Love the Heartgyle Pullover, though I'd either coordinate those buttons better or leave them off the design altogether.

The Pinecone Cap doesn't really do it for me. It doesn't look quite enough like a pine cone to have earned its name, and it's not really working aesthetically. I think I might like it better if it were in different colours, and named something else.

Can't say I'm a fan of the Knitted Pinecone Ornaments either. Again, they just don't look enough like real pinecones, and just look kind of cheesy, like Astroturf on a lawn.

The Boy Vertical Vest. I'm wavering on this one. I wasn't quite sure whether those vertical lines passed successfully as an abstract design or just looked kind of random and pointless, but I think they work and that I'm going to come down on the side of liking this design.

The Parquet Stole is definitely a design that lives up to its name. And it's a lovely piece of work.

The Gracile Scarf is a fun, flirty little thing. Not practical, of course, but then not everything has to be.

Oh, I love the Imogene Shawl. It's feminine in a way that is totally unlike the very feminine Gracile Scarf just above and which is much more to my own personal taste: it's graceful and elegant rather than frivolous and frilly.

The Bingham Hill Scarf is another lovely design. It has a very fine gauge and as you can see from the photo, you'll be able to wind it around your neck repeatedly without it getting bulky.

The Corsage Scarf is your basic oblong scarf, but with an interesting texture and end-finishing.

The Hope Chest Scarf is another classic oblong scarf, with an even more interesting texture and end finishing. I see that this scarf and the Corsage Scarf above were designed by Angela Tong, and she's another designer to watch for, because she's one who can take a very basic item that's been done to death and turn it into something interesting and polished.

The Pecan Pullover is a very traditional design with a few different touches: the cabled detailing is unusually well done and the long cuffs can be buttoned to bracelet length or worn wrist length. That could come in handy for doing dish washing or meal prep around home, though I think if I were wearing the sweater the sleeves would spend most of their time turned down and the buttons would just sit there and bother me.

The Caldicott Scarf is classic yet distinctive and it's one that most men would happily wear, unless of course the man we're speaking of is my father, who scorns not only scarves of any design but also hats, gloves, and coats. And who has had pneumonia twice in the last two years.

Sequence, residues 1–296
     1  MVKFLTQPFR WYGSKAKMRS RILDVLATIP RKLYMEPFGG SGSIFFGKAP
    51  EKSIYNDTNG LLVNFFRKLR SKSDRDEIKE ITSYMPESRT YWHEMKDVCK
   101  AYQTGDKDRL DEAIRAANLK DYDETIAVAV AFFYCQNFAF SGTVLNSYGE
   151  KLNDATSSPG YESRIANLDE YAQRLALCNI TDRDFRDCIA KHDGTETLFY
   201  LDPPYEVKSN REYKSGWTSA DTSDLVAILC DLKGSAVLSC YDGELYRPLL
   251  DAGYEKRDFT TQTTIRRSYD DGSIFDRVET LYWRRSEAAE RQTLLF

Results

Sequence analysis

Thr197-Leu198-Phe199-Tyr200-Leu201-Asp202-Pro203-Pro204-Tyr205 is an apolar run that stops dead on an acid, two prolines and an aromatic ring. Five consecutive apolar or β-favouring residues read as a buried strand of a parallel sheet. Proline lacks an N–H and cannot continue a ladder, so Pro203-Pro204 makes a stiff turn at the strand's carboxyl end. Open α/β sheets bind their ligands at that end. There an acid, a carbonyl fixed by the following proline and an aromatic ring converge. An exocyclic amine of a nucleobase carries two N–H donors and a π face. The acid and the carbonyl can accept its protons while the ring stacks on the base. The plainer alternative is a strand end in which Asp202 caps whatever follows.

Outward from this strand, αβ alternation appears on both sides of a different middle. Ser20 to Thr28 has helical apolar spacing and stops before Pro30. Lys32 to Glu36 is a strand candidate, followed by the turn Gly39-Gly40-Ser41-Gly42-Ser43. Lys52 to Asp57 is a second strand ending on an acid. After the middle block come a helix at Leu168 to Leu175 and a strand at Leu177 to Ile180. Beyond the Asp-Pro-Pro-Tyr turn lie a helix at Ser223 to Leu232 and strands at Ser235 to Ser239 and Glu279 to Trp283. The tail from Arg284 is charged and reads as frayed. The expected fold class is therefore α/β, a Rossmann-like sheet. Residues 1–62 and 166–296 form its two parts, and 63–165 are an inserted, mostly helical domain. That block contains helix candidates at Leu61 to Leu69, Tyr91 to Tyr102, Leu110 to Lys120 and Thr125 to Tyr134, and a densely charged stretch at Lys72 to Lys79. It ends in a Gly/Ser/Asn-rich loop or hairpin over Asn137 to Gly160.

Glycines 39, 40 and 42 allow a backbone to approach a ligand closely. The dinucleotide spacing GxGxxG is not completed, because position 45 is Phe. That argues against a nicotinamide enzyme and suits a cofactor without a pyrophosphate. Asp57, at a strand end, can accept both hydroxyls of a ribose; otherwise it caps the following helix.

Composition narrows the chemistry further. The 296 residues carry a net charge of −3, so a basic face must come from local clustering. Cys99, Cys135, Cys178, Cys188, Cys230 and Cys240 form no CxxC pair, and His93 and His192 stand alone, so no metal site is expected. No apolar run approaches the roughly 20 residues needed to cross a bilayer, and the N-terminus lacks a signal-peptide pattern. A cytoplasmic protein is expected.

Quite like the Veronica Slouch, even though I don't normally like non-functional buttons as design elements. These ones, however, have been turned into an integral part of the design and would be an excuse to splurge on some really beautiful interesting buttons.

With the Albatross Cowl, we have a case of a design looking too much like its name. Entrelac is a difficult stitch design-wise, because it tends to look so bulky and rather crude. This buttoned cowl really does not look good when unbuttoned and worn as a scarf, though it looks okay as a cowl.

The Everstar Scarf is a very classic design, so much so that I feel like I've seen it before.

The Woodcutter Hat and Woodcutter Mittens are also very classic, though this time they're just distinctive enough that I don't think I've seen a hat or mittens quite like them.

The Pretzel Scarf is a beautifully textured and wonderfully warm-looking.

The Leadville Cowl is a beautiful piece that seems to sit well even when the model isn't pulling on it.

The Leeward Pullover is a classic gansey that's been given a few modern touches such as slightly different sleeve construction and rolled neckline. It's very wearable and flattering and a sweater a woman will be able to keep in her wardrobe until it's worn out because it will never go out of style.

Love the Walker Scarf. But then I'm a sucker for a classic cable. I blame my Irish ancestry.

I quite like the Beekeeper Slouch hat too.

The Trimble Court Scarf is a beautiful item, but it does look regrettably stiff and awkward when on.

The Stevie Mitts are cute.

The Mint Chocolate Mitts are another fun example of that reversal of colour trend I've seen a lot in mittens, gloves and socks.

The Sailor's Mittens look just like oven mitts to me, and that's not a good thing.

I see we're continuing the kitchen homage theme with the Complements Hat, which looks like a tablecloth. The design is fine, but I would knit this hat in any other colour to avoid making my head like a supper table at the Ponderosa.

The Alpaca Road Socks are totally cute. Love the plaid effect.

Love the Tartan Mitts. Plaid works so well in small doses.

Love the Frosted Pines Hat. Not only is the lace overlay with a darker lining very pleasing from an aesthetic perspective, it'll also make this hat much warmer. Lacy caps and scarves and gloves are all very well, but wear them out in a really cold wind such as we tend to get in January in Toronto and you'll feel as though all lacework is vanity and vexation of spirit.

The Big Brim Hat is... okay. I would probably like it much better in nearly any other colour. Try as I will, I have a hard time getting past my dislike of mustard yellow.

Not a big fan of the Bezold Hat and Cowl. It's not a terrible set, but it's nothing special either. It looks like something that was whipped up in very little time without much thought or effort. And that cowl does not sit well.